The city of Big Spring will be able to move forward with its proposed $13 million overhaul of the municipality's water and wastewater facilities utilizing economic development funding. Voters overwhelmingly approved the measure during Saturday's citywide election.
The measure passed with 1,182 ballots in favor, making up a whopping 71.51 percent of the vote, with 471 casting their ballot against the proposition, accounting for 28.49 percent of the tally.
Members of the Big Spring City Council voted unanimously to have the proposed project placed on the May ballot during their Feb. 14 meeting, a move that drew both praise and criticism from various voices in the community.
As part of the agreement between the council and the Big Spring Economic Development board of directors, the EDC will provide $750,000 a year for the first two years, and then 40 percent of its sales tax revenue â€” with a floor of $500,000 and a ceiling of $750,000 for the following 18 years â€” with the city of Big Spring picking up the remainder of the tab.
Big Spring Mayor Tommy Duncan, who first proposed the idea of using EDC funding for the project to the council in late 2011, said he's very happy with the outcome of Saturday's election.
â€śWe wanted to allow the community to voice their opinion on this matter and now that they have we're prepared to follow their directions,â€ť Duncan said. â€śI feel like the community has sent a signal with this election. They have said they recognize the need for improvements to the city's infrastructure, but they also recognize the fact our tax rate and water rates are already too high.â€ť
Also part of the Saturday election, the race for the District 4 seat on the Big Spring City Council came down to slightly more than a dozen ballots. Local businessman Bobby McDonald took the win with 232 ballots, a total of 51.44 percent of the vote, with challenger Loretta Farquhar receiving 219 ballots, a total of 48.56 percent of the vote.
McDonald called the win â€śrazor-thin,â€ť but said he's happy to have the chance to represent District 4 in the coming years.
â€śIn a situation like that, when it's that close, you'd always like to see better numbers,â€ť McDonald said. â€śIn all honesty, however, I was just stunned to have won the race. I didn't really expect to get that many votes. However, there are still a group of people out there with what I like to call the Dora Roberts mentality, and I'm just thankful for those people and their support.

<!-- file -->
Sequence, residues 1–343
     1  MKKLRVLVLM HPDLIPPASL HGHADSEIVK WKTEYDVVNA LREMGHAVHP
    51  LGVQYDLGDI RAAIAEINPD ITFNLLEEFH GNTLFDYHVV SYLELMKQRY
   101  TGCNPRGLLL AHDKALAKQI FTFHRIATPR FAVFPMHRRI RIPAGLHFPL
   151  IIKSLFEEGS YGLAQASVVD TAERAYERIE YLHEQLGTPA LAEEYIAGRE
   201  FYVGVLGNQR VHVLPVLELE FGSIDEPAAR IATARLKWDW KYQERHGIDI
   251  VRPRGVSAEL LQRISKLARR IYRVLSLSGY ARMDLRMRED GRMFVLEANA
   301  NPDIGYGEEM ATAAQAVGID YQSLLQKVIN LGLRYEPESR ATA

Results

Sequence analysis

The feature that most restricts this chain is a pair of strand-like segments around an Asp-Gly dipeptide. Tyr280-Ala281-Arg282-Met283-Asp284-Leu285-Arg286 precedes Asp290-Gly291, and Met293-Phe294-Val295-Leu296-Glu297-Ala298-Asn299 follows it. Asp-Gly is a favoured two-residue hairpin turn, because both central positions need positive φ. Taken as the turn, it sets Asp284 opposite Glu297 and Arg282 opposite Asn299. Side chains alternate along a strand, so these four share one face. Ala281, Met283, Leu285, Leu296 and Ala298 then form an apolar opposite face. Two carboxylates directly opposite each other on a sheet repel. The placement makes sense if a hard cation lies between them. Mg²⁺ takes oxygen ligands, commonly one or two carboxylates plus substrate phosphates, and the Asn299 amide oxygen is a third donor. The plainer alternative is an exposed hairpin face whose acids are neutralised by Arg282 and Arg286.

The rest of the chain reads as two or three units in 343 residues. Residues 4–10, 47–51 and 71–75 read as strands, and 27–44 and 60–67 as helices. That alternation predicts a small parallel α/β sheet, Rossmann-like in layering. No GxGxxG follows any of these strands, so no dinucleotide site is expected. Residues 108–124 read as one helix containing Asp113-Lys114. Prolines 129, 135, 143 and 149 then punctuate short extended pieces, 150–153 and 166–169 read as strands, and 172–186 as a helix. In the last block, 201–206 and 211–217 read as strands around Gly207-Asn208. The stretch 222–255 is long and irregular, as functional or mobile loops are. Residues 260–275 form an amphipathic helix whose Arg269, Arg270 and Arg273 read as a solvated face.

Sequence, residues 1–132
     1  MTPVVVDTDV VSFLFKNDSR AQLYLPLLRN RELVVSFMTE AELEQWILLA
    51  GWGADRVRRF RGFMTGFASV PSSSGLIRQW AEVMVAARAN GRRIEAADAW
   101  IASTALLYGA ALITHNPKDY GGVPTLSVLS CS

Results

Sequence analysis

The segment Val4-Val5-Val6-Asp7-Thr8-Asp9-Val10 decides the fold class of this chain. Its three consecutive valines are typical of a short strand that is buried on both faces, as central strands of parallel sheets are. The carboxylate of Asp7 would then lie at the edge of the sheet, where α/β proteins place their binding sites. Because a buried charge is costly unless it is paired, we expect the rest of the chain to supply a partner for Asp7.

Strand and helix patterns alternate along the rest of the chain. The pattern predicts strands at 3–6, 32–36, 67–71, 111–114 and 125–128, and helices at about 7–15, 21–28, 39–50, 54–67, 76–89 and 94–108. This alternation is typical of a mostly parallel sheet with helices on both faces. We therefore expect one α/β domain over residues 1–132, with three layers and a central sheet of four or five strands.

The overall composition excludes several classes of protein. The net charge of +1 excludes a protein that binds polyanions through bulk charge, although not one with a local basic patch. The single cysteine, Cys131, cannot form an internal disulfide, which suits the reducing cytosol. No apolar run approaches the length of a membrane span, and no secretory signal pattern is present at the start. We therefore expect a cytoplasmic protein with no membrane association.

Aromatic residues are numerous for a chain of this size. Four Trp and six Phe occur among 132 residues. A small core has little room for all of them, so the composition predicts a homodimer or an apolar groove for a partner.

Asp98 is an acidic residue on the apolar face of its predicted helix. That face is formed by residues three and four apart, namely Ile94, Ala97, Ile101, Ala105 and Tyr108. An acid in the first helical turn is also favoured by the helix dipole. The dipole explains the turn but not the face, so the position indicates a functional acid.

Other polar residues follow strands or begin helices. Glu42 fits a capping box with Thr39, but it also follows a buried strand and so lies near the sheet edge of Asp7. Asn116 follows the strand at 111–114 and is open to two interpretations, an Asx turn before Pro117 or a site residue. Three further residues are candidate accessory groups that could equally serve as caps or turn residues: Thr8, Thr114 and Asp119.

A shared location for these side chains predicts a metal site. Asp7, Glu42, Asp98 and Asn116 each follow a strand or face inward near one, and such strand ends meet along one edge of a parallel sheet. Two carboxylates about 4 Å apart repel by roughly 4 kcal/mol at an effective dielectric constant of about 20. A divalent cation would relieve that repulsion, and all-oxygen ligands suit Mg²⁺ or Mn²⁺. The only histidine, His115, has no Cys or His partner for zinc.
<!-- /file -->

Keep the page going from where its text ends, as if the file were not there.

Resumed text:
â€śMy opponent ran a good race and she was very gracious. She called me immediately after the results came in, which really made me feel good about the whole thing. However, that's behind us now, and it's time to get to work. The pressure is on us (the council) to do a good job.â€ť
The race for the District 2 seat on the Big Spring Independent School District board of trustees went to incumbent Maria Padilla â€” in numbers only â€” who received 38 ballots for a total of 39.18 percent of the vote. Challenger Pat Deanda came in a close second with 36 ballots for 37.11 percent of the vote and Edwin O. Ware received 23 ballots, accounting for 23.71 percent of the vote.
Unfortunately for Padilla, there won't be any time to celebrate as she will have to face against Deanda once again in a runoff election tentatively scheduled sometime in the next two to three weeks. The runoff election was made necessary because the winning candidate failed to garner 50 percent or more of the vote.
Voters in Coahoma had plenty of candidates to choose from Saturday, as six were vying for three seats on the city council. Candidates included incumbents Linda Luce, Paulette Lindsey and Zach Johnson, as well as challengers Billy Sullivan, Dan Shelburne and John Mulkey.
Lindsey led the pack on election day with 85 ballots (20.58 percent), followed by Johnson with 75 ballots (18.16 percent) and Luce with 71 ballots (17.19 percent). These three candidates will take the three at-large seats on the council.
Challenger John Mulkey just missed his target with 70 ballots (16.95 percent) â€” putting him just one ballot shy of tying Luce for the final seat â€” while Sullivan took 59 ballots (14.29 percent) and Shelburne garnered 53 ballots (12.83 percent).
Coahoma ISD faced a similar election with six candidates vying for three at-large seats, as incumbents Brian Moore, Jody Reid and Alan Wright managed to defend their seats against challengers Leslie Tindol, Gerald King and Paul Lewis.
Reid was to top vote-getter with 202 ballots (27.71 percent), while Moore followed with 189 ballots (25.93 percent) and Alan Wright garnered 112 ballots (15.36 percent). Challenger Tindol brought in 102 ballots â€” just 10 shy of tying Wright â€” while King received 73 ballots and Lewis garnered just 51 ballots (7 percent).